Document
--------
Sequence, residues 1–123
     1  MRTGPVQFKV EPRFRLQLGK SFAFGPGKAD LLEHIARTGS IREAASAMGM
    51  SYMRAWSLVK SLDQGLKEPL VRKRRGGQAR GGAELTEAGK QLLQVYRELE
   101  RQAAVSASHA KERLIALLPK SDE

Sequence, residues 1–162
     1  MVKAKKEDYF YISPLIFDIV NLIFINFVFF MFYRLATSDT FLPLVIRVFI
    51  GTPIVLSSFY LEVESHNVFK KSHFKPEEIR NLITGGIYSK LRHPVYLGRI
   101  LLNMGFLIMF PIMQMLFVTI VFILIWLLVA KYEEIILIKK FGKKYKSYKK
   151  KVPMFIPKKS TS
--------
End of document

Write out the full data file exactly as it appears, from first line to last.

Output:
Sequence, residues 1–123
     1  MRTGPVQFKV EPRFRLQLGK SFAFGPGKAD LLEHIARTGS IREAASAMGM
    51  SYMRAWSLVK SLDQGLKEPL VRKRRGGQAR GGAELTEAGK QLLQVYRELE
   101  RQAAVSASHA KERLIALLPK SDE

Sequence, residues 1–162
     1  MVKAKKEDYF YISPLIFDIV NLIFINFVFF MFYRLATSDT FLPLVIRVFI
    51  GTPIVLSSFY LEVESHNVFK KSHFKPEEIR NLITGGIYSK LRHPVYLGRI
   101  LLNMGFLIMF PIMQMLFVTI VFILIWLLVA KYEEIILIKK FGKKYKSYKK
   151  KVPMFIPKKS TS